THE LINES. By Anthony Varallo. University of Iowa Press. 220 pages. $17.
Anthony Varallo set himself a formidable challenge: to write a novel about divorce from the perspective of two young children. And to avoid naming the children, or their parents, or most other characters in the book. And to set the action in a nameless suburbia in the 1970s during the gasoline crisis and before the digital age.
Smartphones and social media do not factor in. This is a novel about people, their interactions, their feelings and failures, their tentative embrace of the new, their growing pains and their disappointments.
“The Lines” is full of disappointments, and yet it manages in its episodic way to hint at the light. Maybe it’s the girl’s cleverness that reassures the reader, or the knowledge that the boy’s clumsiness and naivete eventually will give way to understanding. Maybe it’s the attention to the details of the era and the precision with which Varallo presents the workings of the young mind. Or maybe it’s the leisurely pace, the sequence of relatively mundane events that, like wildflowers, often are not intrinsically interrelated but nevertheless cohere into a brilliant display.
Varallo, who teaches at the College of Charleston, writes with fine-tuned sympathy for each of his characters, adult and child alike. He has a seemingly supernatural ability to convey the inner thinking of children: their confusion, their moments of self-awareness, their particular observations and rationalizations, their wonderment and insecurity and deep sadness when the superstructures of their restrictive world prove to be a house of cards.
“The boy is seven years old and has no idea about anything,” Varallo writes, setting the stage. “The girl turns ten next month and has some things figured out.”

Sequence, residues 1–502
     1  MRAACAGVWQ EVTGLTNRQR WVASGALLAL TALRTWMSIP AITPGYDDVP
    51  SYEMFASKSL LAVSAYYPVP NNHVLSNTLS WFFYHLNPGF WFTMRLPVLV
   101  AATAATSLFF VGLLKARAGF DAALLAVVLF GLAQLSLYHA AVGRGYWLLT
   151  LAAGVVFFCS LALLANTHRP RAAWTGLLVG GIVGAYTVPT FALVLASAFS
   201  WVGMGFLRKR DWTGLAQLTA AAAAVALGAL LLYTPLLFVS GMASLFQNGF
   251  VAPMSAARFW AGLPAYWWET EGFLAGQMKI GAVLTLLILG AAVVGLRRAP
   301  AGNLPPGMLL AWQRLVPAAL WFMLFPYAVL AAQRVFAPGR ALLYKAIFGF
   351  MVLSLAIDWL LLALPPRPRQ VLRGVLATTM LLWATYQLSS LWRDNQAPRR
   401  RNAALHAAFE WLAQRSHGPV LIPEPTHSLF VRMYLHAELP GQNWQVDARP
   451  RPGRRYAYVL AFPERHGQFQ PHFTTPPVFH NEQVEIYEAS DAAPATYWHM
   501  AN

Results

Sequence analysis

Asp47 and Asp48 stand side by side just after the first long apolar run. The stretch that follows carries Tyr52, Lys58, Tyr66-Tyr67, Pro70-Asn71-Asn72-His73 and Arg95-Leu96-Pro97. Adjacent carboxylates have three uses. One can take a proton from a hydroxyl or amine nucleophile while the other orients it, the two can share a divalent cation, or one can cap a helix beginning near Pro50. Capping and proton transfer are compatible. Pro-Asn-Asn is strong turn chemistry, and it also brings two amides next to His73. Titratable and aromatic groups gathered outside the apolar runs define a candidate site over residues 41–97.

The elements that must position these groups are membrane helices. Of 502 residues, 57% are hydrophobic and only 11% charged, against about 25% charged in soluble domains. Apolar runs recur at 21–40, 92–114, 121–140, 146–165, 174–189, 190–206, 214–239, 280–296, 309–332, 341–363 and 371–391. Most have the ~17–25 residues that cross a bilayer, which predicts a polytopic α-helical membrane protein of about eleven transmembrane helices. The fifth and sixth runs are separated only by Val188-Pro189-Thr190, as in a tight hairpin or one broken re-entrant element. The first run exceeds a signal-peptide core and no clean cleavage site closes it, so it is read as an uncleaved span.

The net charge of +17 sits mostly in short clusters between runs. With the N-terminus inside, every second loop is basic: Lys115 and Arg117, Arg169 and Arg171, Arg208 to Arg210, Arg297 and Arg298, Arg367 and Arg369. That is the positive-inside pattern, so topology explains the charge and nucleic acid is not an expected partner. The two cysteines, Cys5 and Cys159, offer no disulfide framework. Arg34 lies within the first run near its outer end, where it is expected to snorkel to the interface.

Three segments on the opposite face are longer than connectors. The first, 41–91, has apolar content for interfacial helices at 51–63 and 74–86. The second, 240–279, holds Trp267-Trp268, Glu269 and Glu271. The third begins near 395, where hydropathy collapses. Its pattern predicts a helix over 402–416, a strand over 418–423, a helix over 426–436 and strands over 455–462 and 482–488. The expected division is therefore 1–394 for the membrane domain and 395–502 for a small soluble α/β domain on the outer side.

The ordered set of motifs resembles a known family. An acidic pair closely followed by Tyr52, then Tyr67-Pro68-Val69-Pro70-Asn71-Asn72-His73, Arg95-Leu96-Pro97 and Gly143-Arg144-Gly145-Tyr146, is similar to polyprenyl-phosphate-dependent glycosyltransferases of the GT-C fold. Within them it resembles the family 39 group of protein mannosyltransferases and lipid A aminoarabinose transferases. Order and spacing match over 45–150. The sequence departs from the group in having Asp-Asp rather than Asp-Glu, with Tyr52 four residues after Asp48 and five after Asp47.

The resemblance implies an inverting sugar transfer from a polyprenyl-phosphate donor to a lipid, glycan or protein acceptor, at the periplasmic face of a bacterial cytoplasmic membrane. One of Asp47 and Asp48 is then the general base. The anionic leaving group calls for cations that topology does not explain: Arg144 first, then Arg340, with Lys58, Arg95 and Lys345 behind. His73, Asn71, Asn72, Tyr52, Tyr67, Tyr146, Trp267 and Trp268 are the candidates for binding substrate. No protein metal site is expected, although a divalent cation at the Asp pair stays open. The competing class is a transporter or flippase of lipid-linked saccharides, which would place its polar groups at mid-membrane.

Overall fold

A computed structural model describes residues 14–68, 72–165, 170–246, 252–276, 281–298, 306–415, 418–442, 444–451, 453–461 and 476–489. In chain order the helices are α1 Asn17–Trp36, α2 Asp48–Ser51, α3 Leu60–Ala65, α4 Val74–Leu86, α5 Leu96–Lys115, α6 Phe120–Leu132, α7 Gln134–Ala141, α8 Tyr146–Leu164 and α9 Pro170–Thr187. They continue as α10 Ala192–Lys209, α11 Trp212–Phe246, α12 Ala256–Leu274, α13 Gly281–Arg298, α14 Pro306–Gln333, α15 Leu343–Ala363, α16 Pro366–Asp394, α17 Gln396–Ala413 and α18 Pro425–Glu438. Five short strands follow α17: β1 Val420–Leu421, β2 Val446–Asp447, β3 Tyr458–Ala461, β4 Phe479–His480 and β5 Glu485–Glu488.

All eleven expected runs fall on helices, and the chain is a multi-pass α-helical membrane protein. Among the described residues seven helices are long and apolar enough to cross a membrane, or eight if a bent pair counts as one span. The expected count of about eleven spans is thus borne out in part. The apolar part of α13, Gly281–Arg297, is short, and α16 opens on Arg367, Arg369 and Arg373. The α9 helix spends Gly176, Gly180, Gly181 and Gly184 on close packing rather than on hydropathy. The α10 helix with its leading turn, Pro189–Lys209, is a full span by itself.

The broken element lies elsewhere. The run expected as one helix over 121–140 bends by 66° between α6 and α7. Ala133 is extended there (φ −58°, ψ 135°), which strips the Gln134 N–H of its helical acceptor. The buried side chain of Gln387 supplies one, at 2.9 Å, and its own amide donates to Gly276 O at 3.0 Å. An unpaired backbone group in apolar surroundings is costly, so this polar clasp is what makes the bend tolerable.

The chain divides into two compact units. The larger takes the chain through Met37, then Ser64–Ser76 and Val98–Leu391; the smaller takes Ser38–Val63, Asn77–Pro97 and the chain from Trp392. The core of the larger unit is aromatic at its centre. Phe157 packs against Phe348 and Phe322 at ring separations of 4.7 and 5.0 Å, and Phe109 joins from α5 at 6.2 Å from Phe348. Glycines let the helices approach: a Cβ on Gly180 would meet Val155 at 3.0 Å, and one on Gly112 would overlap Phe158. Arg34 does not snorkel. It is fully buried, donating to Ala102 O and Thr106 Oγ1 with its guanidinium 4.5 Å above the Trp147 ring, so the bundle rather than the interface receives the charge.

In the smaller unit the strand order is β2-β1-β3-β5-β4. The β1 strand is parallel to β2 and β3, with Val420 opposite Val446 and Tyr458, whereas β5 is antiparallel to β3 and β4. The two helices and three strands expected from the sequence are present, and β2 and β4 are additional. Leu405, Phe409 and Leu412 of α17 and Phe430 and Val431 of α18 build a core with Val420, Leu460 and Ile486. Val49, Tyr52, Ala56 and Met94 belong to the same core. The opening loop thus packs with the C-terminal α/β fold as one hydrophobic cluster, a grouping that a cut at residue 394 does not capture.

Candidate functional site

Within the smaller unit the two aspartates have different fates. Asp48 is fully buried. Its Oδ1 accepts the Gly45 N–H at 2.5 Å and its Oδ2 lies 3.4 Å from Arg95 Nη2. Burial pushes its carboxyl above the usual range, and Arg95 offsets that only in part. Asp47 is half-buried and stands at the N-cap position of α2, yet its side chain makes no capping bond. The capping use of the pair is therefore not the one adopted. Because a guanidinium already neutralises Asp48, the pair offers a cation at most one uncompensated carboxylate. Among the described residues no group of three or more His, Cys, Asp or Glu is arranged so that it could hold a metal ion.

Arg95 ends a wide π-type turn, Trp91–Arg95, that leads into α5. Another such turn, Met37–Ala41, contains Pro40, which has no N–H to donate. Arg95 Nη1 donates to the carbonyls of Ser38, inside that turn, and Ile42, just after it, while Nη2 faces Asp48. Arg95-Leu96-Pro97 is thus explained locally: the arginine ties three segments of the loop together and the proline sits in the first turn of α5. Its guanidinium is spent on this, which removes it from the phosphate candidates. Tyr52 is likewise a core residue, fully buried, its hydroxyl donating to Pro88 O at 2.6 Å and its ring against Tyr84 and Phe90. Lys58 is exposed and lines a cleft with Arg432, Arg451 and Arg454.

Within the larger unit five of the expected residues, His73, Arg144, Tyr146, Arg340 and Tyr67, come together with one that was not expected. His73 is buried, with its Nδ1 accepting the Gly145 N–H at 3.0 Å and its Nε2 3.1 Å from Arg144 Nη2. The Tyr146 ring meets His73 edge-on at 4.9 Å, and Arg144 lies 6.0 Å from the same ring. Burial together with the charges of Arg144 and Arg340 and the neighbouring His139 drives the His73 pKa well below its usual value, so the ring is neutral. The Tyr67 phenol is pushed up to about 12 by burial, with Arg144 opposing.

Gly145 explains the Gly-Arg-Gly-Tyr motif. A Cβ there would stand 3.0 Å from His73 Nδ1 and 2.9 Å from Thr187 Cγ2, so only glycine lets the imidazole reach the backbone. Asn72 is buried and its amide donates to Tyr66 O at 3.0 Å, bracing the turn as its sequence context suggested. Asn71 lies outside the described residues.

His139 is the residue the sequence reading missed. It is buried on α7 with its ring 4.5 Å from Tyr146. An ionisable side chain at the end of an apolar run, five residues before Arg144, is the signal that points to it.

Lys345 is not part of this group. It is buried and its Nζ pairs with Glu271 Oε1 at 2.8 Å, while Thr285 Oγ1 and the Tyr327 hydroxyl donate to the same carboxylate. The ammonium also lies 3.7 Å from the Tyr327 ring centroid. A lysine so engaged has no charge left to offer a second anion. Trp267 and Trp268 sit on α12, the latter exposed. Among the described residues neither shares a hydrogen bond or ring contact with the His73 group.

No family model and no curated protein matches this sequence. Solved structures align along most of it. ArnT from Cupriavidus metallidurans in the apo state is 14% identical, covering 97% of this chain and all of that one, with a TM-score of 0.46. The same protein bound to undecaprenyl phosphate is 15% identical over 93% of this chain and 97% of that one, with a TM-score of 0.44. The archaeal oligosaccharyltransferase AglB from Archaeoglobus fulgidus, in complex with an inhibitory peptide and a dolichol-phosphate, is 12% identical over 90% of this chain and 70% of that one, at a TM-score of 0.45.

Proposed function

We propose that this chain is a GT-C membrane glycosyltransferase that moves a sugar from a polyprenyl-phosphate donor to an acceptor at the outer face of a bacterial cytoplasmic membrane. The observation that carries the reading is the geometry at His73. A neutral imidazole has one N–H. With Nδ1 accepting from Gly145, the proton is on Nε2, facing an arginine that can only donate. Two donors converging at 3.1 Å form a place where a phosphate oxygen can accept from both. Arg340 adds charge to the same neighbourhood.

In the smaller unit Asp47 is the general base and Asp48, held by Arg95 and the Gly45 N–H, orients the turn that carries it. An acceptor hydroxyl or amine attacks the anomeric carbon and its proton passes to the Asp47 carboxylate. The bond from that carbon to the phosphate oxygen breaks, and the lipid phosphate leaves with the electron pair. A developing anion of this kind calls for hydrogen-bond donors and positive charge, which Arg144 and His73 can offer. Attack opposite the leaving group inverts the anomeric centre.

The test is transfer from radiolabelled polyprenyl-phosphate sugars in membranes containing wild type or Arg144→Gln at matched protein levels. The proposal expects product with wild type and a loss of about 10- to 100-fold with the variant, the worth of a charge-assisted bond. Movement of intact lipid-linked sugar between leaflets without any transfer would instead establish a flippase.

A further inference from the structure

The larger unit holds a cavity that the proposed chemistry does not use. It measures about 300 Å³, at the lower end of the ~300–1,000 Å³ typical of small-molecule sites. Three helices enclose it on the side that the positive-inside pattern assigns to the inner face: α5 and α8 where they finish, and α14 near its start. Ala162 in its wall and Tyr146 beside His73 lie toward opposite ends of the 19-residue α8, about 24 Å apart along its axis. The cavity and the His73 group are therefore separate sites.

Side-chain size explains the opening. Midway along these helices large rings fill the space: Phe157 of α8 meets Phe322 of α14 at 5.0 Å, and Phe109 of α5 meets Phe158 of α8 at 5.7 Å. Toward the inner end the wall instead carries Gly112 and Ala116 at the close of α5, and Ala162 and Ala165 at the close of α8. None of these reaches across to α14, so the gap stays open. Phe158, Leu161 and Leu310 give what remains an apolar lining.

Their parents’ separation is the start of a period of uncertainty in their lives. The boundaries blur, the rules change. Now the children benefit from two homes, two bedrooms, two sets of toys, an apartment complex pool to swim in, diminished oversight at home. Their mother returns to school. Their father starts a relationship with Sarah, a young woman, unsentimental and wise.
The girl grows attached to Sarah, and Sarah seems to care for the children.
Later, the mother starts dating Cliff, whose son Marcus turns out to be a bully who likes to set fire to the boy’s prized possessions. Life gets complicated. The mother and father grow distant, unable to provide the emotional support their children need. The grandmother only makes matters worse. Yet the girl slowly seems to be figuring things out. The boy remains innocent and befuddled until, finally, he learns to stand up for himself.
Life is complicated indeed. Divorce is a messy business. The emotional wounds it inflicts can be severe. Varallo shows us the pain and confusion, the guilt and effort, the adjustments made by adults and, especially, the resiliency of his young protagonists living in this imperfect place and time.
The cars line up at the gas stations, their drivers coping with long waits and short tempers. But the boy and the girl, absorbed by their circumstances, manage to find their voice and a way forward.